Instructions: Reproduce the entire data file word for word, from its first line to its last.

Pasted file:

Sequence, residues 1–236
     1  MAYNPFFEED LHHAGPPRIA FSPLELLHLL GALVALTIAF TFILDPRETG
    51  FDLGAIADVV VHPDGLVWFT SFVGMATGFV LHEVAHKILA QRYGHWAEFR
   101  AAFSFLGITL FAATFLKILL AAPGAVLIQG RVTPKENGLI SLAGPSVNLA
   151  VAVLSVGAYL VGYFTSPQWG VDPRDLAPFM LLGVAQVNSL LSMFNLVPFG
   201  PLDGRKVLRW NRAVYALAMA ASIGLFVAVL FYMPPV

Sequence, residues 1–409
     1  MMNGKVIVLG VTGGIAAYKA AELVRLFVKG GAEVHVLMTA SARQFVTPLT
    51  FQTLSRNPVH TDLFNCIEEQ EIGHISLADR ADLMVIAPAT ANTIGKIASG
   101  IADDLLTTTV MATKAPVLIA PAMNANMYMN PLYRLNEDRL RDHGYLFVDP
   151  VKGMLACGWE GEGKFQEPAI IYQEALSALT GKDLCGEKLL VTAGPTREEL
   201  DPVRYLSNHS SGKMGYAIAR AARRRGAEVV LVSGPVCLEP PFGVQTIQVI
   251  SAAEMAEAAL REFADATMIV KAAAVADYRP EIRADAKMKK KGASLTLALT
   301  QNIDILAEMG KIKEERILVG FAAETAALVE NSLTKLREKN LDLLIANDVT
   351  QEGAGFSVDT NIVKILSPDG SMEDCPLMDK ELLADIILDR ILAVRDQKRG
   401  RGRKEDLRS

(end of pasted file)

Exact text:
Sequence, residues 1–236
     1  MAYNPFFEED LHHAGPPRIA FSPLELLHLL GALVALTIAF TFILDPRETG
    51  FDLGAIADVV VHPDGLVWFT SFVGMATGFV LHEVAHKILA QRYGHWAEFR
   101  AAFSFLGITL FAATFLKILL AAPGAVLIQG RVTPKENGLI SLAGPSVNLA
   151  VAVLSVGAYL VGYFTSPQWG VDPRDLAPFM LLGVAQVNSL LSMFNLVPFG
   201  PLDGRKVLRW NRAVYALAMA ASIGLFVAVL FYMPPV

Sequence, residues 1–409
     1  MMNGKVIVLG VTGGIAAYKA AELVRLFVKG GAEVHVLMTA SARQFVTPLT
    51  FQTLSRNPVH TDLFNCIEEQ EIGHISLADR ADLMVIAPAT ANTIGKIASG
   101  IADDLLTTTV MATKAPVLIA PAMNANMYMN PLYRLNEDRL RDHGYLFVDP
   151  VKGMLACGWE GEGKFQEPAI IYQEALSALT GKDLCGEKLL VTAGPTREEL
   201  DPVRYLSNHS SGKMGYAIAR AARRRGAEVV LVSGPVCLEP PFGVQTIQVI
   251  SAAEMAEAAL REFADATMIV KAAAVADYRP EIRADAKMKK KGASLTLALT
   301  QNIDILAEMG KIKEERILVG FAAETAALVE NSLTKLREKN LDLLIANDVT
   351  QEGAGFSVDT NIVKILSPDG SMEDCPLMDK ELLADIILDR ILAVRDQKRG
   401  RGRKEDLRS